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The clinical spectrum of gout is changing. More frequently than before it is polyarticular, involves the hand, affects a wide range of ages and occurs in women.1 2 As a result, it is necessary to recognise its uncommon clinical features.
Dactylitis—inflammation of a finger or toe3—is typical but not peculiar to seronegative spondyloarthritides. It presents as a diffuse swelling due mainly to flexor tenosynovitis, but possibly also to soft tissue oedema and synovitis.4 Dactylitis has also been observed in infections, sarcoidosis, sickle cell disease and gout as a result of different pathological processes.3 In the only report on gout-associated dactylitis, it was seen in 4/80 patients (5%).5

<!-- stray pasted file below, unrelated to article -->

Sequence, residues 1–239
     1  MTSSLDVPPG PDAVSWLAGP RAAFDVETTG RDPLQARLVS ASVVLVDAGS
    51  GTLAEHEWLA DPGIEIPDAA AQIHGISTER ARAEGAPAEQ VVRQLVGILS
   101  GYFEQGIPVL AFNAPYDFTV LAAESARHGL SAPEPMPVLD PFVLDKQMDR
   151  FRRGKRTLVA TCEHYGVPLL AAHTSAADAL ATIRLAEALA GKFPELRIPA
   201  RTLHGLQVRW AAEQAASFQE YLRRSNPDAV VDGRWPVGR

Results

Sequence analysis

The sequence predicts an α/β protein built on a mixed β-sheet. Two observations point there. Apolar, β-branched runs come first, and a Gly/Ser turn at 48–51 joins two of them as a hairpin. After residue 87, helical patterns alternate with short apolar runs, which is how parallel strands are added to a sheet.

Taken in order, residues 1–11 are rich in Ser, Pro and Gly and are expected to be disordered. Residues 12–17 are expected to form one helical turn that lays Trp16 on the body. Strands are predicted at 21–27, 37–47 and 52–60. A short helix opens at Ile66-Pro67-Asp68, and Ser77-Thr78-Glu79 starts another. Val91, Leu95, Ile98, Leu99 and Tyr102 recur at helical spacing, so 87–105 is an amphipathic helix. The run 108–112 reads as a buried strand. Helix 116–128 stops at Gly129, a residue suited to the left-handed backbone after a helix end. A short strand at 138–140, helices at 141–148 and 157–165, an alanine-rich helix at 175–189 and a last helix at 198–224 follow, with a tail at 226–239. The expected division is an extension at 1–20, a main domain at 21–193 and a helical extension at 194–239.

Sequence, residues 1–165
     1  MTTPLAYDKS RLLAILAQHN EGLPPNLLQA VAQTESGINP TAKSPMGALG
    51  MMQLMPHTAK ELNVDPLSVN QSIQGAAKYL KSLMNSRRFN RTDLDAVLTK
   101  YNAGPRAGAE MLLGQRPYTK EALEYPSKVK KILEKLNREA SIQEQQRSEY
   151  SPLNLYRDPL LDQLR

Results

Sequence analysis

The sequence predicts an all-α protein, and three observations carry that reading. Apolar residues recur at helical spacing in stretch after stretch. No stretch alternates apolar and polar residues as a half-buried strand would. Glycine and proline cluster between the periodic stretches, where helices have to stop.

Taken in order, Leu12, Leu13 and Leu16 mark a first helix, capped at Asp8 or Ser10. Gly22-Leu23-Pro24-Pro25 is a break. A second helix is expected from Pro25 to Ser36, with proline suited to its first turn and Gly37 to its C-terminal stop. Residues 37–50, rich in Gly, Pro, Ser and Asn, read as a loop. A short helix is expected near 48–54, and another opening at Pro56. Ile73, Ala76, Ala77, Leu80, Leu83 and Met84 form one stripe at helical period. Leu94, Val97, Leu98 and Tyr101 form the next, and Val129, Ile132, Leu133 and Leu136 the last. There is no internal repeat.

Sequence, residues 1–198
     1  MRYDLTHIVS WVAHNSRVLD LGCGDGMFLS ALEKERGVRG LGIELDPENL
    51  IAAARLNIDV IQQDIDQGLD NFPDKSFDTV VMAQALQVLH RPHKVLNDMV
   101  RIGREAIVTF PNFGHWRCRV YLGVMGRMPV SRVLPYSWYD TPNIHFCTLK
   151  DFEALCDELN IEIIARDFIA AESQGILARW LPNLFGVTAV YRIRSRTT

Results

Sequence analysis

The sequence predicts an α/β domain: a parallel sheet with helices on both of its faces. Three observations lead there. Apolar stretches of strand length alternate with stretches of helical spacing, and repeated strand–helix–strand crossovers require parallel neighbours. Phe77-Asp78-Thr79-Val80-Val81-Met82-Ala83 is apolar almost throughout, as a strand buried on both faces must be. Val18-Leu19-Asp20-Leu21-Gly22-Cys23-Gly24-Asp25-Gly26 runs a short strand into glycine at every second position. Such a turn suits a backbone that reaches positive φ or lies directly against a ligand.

Dactylitis was investigated in 73 consecutive patients with gout diagnosed according …
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